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I have this problem and i do not understand where it came from. Code:

class applicationFrameworksManager =
val mutable frameworks = []
method add_framework name = ()(* if not (List.mem name frameworks) then frameworks <- List.append frameworks [name]; *)
method get_frameworks = frameworks


And the error:

Error: Some type variables are unbound in this type:
     class applicationFrameworksManager :
         val mutable frameworks : 'a list
         method add_framework : 'b -> unit
         method get_frameworks : 'a list
   The method add_framework has type 'b -> unit where 'b is unbound

make: * [genobjc.cmx] Error 2

Can anybody help? To what can i bound it? Thanks. I'll add to this class a lot of strings and i want to get at the end only the unique ones.

share|improve this question
This has nothing to do with the type error (Jeffrey Scofield's answer is perfectly fine), but if your goal is to handle a lot of unique strings, you might prefer to use a set of string ( rather than a list. In addition, even with lists, name::frameworks is much more efficient than List.append frameworks [name] (in the latter, you'll go all over frameworks each time you add a fresh name, in the former you just add name in front of frameworks) – Virgile Oct 18 '12 at 6:57
This also has nothing to see directly with your problem, but if you're a beginner with OCaml I recommend that you don't directly jump to the object-oriented programming style that you already know. OCaml is a sufficiently different language that different techniques are more convenient to use. If the use of object-oriented facilities is not imposed by your setting, you should try to avoid them and instead familiarize yourself with more "functional" ways of designing programs. – gasche Oct 18 '12 at 8:20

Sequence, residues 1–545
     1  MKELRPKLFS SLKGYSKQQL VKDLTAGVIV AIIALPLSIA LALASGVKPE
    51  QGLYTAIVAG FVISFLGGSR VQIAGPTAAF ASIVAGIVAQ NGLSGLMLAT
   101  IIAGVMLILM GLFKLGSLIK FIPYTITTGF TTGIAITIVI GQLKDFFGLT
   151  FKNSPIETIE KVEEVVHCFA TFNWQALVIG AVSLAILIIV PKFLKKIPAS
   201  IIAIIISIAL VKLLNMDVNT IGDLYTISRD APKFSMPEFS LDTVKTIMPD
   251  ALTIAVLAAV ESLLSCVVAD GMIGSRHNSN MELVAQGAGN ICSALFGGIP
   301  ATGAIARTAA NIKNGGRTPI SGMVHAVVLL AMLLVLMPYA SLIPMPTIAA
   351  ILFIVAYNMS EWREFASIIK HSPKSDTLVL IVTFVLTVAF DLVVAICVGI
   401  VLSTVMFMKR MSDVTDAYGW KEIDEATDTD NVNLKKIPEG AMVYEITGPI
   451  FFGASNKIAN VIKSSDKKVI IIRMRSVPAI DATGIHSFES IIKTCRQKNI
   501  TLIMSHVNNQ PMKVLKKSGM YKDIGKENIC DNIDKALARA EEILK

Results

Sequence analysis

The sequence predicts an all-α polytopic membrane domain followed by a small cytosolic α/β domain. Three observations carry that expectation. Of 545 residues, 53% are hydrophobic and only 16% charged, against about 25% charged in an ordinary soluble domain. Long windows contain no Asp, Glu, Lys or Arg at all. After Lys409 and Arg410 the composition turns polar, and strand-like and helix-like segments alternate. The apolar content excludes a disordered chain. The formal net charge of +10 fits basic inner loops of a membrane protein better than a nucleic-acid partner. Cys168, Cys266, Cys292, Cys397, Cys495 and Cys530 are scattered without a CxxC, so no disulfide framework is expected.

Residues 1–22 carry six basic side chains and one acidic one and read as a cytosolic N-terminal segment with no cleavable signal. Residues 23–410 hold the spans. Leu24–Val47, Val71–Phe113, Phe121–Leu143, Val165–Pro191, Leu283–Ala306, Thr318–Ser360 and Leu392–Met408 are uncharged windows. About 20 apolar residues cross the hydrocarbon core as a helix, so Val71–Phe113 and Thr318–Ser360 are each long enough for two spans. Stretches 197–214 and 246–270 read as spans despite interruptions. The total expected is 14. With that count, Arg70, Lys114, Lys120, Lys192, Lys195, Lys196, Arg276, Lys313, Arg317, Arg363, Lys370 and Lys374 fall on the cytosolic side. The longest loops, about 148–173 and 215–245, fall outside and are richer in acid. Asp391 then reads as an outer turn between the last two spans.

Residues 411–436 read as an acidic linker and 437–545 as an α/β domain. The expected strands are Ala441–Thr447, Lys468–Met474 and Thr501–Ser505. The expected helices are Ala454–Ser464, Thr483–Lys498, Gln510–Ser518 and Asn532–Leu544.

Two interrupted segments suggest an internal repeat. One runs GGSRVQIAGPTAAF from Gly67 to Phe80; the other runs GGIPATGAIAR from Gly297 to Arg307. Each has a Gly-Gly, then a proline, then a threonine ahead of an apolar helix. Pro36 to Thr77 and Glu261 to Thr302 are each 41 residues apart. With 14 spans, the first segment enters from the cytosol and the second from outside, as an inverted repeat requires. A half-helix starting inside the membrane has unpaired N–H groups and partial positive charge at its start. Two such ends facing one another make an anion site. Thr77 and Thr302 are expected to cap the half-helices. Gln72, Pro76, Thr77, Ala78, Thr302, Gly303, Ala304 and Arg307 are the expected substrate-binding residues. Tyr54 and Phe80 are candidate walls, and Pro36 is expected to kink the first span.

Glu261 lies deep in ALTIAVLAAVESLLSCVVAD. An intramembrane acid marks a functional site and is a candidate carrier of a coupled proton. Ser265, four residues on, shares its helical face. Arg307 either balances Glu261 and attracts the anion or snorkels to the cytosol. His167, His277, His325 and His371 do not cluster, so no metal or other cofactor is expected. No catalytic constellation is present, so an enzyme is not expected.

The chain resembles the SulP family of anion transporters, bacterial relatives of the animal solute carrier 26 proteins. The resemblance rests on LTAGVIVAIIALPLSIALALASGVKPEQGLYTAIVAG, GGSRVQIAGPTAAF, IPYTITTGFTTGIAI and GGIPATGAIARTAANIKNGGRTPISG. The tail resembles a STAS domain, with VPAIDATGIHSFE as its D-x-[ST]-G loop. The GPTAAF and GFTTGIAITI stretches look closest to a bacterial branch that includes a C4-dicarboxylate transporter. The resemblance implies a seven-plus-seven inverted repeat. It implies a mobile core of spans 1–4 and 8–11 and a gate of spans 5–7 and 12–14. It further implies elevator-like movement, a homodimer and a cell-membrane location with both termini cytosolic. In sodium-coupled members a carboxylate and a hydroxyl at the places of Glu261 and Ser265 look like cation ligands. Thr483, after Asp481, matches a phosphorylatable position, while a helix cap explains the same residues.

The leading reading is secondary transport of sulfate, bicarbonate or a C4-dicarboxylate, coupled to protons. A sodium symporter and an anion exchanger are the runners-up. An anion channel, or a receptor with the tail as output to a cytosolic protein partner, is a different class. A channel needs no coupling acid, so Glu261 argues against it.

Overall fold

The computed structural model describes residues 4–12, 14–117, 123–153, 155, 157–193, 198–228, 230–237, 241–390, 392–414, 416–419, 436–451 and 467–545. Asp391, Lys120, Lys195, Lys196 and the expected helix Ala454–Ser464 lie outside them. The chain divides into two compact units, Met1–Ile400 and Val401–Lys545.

Thanks for the tips, can i iterate over the Set? I need to get them from there at some point. I've choose to manage everything inside the class and to not spread everything in my code because i have more methods and operations than i've posted here. – Cristi Băluță Oct 18 '12 at 14:59
You can iterate over a set. The only point is that the Set module provides you a functor, that you have to instantiate with an appropriate module. In your case, you can do something like module StringSet=Set.Make(String), then you can have val mutable frameworks = StringSet.empty StringSet.add name frameworks (without the need to check for membership), and StringSet.iter f frameworks where needed. – Virgile Oct 18 '12 at 17:00
up vote 3 down vote accepted

The type of [] is polymorphic, hence its type 'a list contains an unbound type variable. The simple fix if you just want to add strings is to declare the type:

val mutable frameworks : string list = []

Your class as it stands is polymorphic; i.e., it could be used to manage lists of anything. You can do this by explicitly giving the class a type parameter for the type of the managed elements. But it sounds like you don't need that.

share|improve this answer
Thanks, i'm with ocaml for 2 weeks only and i have no idea why works, but works. – Cristi Băluță Oct 17 '12 at 15:14
I don't know if this helps, but the compiler is trying to tell you that it can't allow the methods add_framework and get_frameworks to have the types 'a -> unit and 'a. The unbound type variables 'a mean that you can pass anything at all and expect to get anything (else) at all back. So you could store an int and expect to get a string back. The point of the type system is to prevent this kind of thing. So, you either have to specify a specific type, or make the type a parameter of the class. – Jeffrey Scofield Oct 17 '12 at 15:35

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